Day in Engineering History Archive - September 13

Day in Engineering History September 13 Archive - RF CafeSeptember 13

Please click here to visit RF Cafe.1845: Michael Faraday discovered that an electromagnetic field effects light polarization - the Faraday Effect. 1851: Walter Reed, after whom the Walter Reed Hospital is named, was born. 1857: Milton Snavely Hershey of chocolate fame was born. 1898: Hannibal Goodwin patented celluloid photographic film, which is used to make movies. 1899: Henry Bliss became the first automobile accident fatality after stepping off a trolley in New York City. 1915: Antennalyzer inventor Wendell C. Morrison was born. 1922: 136.4 °F (58 °C), the world's highest shade temperature was recorded 25 miles south of Tripoli, Libya. 1937: Polaroid Corporation was founded. 1945: Cunningham and Werner first isolated a microscopic amount of americium (Am, 95). 1956: IBM introduced the 350 RAMAC hard disk drive (HDD). 1961: An unmanned Mercury (MA-4) capsule was orbited and recovered by NASA in a test for thefirst manned flight. 1970: The Concorde SST landed for first time at Heathrow airport. 1977: The first diesel automobiles introduced by General Motors. 1985: The first anti-satellite intercept test took place when a weapon launched from an F–15 destroyed a satellite orbiting at a speed of 17,500 miles per hour approximately 290 miles above Earth. 2001: Airports closed after the terrorist attacks on 9-11 began reopening.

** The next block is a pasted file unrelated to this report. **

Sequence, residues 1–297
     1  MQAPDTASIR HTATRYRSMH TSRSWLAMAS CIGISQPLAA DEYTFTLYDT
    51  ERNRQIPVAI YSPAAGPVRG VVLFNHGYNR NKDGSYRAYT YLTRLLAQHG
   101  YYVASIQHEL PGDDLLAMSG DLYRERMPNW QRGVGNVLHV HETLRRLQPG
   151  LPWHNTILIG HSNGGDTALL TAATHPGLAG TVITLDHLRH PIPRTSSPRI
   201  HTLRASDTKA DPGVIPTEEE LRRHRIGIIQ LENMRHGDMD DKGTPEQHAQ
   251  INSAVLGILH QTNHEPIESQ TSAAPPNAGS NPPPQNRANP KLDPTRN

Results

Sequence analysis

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Note: These historical tidbits have been collected from various sources, mostly on the Internet. As detailed in this article, there is a lot of wrong information that is repeated hundreds of times because most websites do not validate with authoritative sources. On RF Cafe, events with hyperlinks have been verified. Many years ago, I began commemorating the birthdays of notable people and events with special RF Cafe logos. Where available, I like to use images from postage stamps from the country where the person or event occurred. Images used in the logos are often from open source websites like Wikipedia, and are specifically credited with a hyperlink back to the source where possible. Fair Use laws permit small samples of copyrighted content.